Alongside an original photo essay, choreographer Alastair Marriott and costume designer Jonathan Howells tell the story of The Unknown Soldier, a ballet commemorating the centenary of the ending of World War I, opening tomorrow
“The central idea for the ballet began simply with the grave of the unknown soldier. As we read about it, we realised it was quite a fascinating mystery: they basically chose the body at random. It was an ordinary man buried with all of the honour of a king, so that the families would have somewhere to go and grieve. It’s not just about who the unknown soldier was, it’s about what he represents. It’s a story of an ordinary life in an extraordinary time: it could have been anybody’s son or boyfriend. I think because you’re watching it from a woman’s perspective, you also see that anybody who loved somebody was a victim of war, it wasn’t just that person on the battlefield who suffered.
“When this project came up, we met with Es Devlin and she said she really wanted to be involved from the beginning, rather than coming in when it’s all finished and dressing it up. We were thinking of doing an adaptation of a play or a film, but she said, ‘I think we should find someone real.’ So we dug up lots of documentary footage and decided to tell one little story. It felt like a good fit because at that time there was a focus on women’s rights, with suffrage successfully lobbying for the vote just after the war. Our story is told from the viewpoint of a woman called Florence Billington, so we knew there had to be a very strong female voice like Es making those decisions. We needed to have a sympathetic ear to this woman’s perspective.”
The Boys of the Royal Ballet
“What ballet does best are large, profound feelings. It doesn’t have time to go into the minutiae: it’s just one of those oddities about the medium. I found it fascinating that after the First World War people needed very different war memorials. There was no appetite for a gloating, victorious statement. So when you see the dancers at the beginning of the ballet, they’re almost like toy soldiers: the oldest person that could get into the army at that time was 41, but a lot of the men going off were essentially children and nobody really questioned that. It’s estimated that around 250,000 troops were underage, many of them younger than the dancers in the company.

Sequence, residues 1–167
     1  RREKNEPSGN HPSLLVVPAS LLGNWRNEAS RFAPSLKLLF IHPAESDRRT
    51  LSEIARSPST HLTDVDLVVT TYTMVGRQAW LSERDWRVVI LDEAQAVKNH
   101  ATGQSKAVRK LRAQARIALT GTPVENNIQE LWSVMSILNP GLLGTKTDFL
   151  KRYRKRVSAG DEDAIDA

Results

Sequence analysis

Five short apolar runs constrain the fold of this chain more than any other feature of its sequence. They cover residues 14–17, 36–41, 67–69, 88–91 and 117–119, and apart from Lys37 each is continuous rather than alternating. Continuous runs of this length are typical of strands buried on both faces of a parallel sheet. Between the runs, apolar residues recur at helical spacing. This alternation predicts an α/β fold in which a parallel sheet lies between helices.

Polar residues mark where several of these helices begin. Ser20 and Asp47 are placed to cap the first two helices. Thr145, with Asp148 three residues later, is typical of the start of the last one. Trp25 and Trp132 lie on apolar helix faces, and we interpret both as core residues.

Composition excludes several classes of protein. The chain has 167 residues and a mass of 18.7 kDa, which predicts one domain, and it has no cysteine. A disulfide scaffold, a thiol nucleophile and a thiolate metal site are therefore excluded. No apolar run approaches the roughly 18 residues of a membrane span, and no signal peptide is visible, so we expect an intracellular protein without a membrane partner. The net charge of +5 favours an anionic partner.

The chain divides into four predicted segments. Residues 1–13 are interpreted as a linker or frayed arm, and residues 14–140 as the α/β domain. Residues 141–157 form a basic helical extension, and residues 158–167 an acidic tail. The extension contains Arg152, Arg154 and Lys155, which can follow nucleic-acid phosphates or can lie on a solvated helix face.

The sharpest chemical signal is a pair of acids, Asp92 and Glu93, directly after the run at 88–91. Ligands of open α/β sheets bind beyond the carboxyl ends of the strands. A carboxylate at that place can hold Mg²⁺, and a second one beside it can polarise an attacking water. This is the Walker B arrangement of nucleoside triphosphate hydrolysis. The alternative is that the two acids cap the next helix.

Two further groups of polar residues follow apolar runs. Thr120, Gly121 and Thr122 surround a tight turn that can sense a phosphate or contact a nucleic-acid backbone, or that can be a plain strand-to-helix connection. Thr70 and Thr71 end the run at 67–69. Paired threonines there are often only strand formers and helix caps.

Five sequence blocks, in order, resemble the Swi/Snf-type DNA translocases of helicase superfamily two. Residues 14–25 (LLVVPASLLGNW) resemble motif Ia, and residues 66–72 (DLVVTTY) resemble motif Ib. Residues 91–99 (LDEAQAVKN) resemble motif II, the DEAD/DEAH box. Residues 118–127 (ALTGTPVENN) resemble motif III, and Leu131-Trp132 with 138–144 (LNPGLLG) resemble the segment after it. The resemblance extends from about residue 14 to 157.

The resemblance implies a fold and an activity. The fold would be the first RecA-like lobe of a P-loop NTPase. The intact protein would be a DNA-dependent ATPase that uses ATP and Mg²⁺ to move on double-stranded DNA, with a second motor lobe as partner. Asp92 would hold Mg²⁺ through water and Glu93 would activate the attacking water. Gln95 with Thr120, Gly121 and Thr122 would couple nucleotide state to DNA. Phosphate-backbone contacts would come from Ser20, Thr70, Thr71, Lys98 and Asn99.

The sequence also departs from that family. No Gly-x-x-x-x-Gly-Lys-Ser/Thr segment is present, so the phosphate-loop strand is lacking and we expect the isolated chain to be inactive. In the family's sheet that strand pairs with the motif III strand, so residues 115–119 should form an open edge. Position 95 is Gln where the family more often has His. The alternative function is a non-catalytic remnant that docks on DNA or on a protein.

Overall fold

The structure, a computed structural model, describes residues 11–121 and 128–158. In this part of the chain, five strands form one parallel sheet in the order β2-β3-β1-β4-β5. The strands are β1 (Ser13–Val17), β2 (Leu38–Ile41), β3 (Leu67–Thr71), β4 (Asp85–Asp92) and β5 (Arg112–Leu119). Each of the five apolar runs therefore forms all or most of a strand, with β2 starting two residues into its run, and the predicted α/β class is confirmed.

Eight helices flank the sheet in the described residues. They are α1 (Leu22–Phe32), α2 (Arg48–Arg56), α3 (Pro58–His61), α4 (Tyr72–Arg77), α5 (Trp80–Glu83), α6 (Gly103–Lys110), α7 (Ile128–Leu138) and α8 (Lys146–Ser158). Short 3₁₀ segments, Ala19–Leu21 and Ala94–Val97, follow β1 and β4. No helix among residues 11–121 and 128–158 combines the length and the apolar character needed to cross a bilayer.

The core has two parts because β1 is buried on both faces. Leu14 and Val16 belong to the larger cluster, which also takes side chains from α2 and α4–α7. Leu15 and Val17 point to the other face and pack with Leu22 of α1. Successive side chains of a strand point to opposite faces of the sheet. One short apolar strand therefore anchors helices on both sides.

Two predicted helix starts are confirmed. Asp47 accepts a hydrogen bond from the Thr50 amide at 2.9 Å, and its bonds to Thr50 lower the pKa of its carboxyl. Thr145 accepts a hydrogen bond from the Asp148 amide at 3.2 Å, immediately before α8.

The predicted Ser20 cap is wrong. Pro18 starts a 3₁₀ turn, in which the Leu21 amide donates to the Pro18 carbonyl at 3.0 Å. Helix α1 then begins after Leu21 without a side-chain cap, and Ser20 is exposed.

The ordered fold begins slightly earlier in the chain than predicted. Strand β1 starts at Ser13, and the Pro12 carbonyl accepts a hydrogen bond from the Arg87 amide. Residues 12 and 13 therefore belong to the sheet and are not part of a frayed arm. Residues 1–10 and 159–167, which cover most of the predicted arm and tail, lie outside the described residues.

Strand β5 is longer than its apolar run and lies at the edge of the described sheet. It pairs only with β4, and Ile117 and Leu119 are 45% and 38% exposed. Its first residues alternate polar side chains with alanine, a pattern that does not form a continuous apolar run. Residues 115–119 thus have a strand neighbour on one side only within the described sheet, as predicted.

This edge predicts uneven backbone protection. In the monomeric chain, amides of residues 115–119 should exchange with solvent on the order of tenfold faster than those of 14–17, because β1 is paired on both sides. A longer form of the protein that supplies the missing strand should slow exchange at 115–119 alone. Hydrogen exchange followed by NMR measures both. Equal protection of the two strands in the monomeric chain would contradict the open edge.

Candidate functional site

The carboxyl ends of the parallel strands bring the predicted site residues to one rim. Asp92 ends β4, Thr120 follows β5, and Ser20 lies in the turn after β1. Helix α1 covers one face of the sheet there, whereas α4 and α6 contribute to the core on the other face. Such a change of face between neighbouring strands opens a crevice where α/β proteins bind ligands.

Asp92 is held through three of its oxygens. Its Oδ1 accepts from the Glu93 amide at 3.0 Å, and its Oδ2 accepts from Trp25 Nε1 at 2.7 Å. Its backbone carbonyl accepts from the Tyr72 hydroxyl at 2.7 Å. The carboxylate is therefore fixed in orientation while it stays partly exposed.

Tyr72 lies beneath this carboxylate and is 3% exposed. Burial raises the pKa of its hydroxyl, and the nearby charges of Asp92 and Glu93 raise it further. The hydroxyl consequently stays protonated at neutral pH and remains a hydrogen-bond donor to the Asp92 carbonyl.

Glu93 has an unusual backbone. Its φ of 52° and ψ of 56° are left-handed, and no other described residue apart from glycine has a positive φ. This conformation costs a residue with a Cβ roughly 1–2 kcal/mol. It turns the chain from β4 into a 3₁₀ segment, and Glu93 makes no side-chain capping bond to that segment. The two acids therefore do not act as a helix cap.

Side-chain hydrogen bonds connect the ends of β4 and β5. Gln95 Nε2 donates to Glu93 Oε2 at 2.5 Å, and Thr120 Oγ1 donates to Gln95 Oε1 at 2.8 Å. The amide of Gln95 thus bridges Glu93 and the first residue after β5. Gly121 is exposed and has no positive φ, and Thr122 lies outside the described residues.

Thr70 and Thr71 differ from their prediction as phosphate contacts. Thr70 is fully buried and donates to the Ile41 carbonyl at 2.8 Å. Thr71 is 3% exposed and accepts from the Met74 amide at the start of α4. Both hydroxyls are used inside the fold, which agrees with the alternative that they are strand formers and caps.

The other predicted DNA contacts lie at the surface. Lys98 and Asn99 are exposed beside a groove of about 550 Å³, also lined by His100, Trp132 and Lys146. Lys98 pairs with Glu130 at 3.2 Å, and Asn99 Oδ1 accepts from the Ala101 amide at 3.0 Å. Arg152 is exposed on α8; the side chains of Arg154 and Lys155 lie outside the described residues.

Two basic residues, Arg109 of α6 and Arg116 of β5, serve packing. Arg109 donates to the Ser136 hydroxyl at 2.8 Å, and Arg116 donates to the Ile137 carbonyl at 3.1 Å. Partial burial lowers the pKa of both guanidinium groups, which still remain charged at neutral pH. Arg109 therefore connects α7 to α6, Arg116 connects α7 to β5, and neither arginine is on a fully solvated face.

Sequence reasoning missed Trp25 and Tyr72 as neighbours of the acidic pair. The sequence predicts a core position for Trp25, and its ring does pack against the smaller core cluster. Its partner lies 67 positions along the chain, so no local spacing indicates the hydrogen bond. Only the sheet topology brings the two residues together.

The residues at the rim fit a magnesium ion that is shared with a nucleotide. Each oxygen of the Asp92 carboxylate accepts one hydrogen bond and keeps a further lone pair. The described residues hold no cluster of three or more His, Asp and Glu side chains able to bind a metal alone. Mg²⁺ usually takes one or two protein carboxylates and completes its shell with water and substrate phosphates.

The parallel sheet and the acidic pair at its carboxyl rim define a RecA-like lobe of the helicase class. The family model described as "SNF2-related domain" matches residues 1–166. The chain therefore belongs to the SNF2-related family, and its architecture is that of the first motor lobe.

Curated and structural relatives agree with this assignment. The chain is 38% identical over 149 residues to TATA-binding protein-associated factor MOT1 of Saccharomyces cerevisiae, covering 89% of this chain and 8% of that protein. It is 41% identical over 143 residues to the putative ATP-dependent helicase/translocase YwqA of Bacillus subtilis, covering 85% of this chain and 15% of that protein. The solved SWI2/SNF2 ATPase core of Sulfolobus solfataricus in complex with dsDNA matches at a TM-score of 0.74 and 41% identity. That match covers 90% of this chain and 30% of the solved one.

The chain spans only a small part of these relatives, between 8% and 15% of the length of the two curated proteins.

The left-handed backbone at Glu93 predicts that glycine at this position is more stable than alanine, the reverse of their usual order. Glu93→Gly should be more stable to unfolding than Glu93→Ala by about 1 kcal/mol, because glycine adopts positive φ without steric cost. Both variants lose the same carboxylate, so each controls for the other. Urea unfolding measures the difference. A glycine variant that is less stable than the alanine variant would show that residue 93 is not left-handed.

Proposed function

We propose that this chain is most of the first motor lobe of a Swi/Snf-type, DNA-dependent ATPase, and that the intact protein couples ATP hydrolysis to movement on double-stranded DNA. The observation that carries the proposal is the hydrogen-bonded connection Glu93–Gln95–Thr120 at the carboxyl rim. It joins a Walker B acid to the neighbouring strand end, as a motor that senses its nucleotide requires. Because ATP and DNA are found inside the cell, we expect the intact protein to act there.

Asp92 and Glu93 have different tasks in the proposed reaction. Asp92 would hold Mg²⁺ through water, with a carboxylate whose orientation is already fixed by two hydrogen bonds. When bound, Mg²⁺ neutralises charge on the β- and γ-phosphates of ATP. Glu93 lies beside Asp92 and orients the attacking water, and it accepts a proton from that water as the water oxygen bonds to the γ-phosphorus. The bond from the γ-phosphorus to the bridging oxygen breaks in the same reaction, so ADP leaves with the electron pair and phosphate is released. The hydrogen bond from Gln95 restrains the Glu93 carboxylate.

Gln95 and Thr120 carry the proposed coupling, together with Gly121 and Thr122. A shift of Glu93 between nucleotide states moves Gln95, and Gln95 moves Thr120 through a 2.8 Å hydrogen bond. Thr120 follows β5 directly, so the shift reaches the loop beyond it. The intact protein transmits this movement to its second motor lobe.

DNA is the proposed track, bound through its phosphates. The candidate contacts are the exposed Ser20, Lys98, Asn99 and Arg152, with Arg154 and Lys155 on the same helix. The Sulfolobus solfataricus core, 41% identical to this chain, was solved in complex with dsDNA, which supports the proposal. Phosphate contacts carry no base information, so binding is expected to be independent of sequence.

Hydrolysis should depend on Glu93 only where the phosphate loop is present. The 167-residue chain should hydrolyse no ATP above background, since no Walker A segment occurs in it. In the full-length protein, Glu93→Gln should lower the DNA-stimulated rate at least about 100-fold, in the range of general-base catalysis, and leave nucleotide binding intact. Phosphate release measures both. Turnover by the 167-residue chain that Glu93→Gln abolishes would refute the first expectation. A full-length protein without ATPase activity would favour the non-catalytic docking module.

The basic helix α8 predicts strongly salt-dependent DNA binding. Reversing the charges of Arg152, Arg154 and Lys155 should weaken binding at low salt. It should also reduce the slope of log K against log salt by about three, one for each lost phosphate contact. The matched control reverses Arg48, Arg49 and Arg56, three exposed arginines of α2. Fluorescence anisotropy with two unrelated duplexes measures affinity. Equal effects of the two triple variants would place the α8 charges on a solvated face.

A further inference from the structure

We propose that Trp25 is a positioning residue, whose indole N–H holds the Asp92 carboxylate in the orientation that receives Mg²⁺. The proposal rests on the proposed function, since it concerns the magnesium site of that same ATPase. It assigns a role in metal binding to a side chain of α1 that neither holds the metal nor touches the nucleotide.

“When you imagine them in the trenches, in the middle of that awful war, you can understand that really they were just a lot of very frightened boys. That stereotype of soldiers with a kind of stoic masculinity is a lot more complicated. With the costumes, we always wanted to see the human beings underneath the uniforms. We’ve done ballets where the dancers are wearing heavy uniforms: we wanted to keep that period look while also making them translucent and ethereal, so you could see the human being underneath the uniform, and their vulnerability.
“Everybody thought it was such a terrible war and that it would never, ever happen again but, of course, it did. We didn’t want to look at the battles or the military strategy, but instead the ordinary person who found their life completely uprooted and changed forever. Really it’s the most profound way of showing the magnitude of that loss – rather than go for a great big historical masterwork, to hone in on a very small love story.” – Alastair Marriott and Jonathan Howells
The Unknown Soldier is at the Royal Opera House, November 20–29, roh.org.uk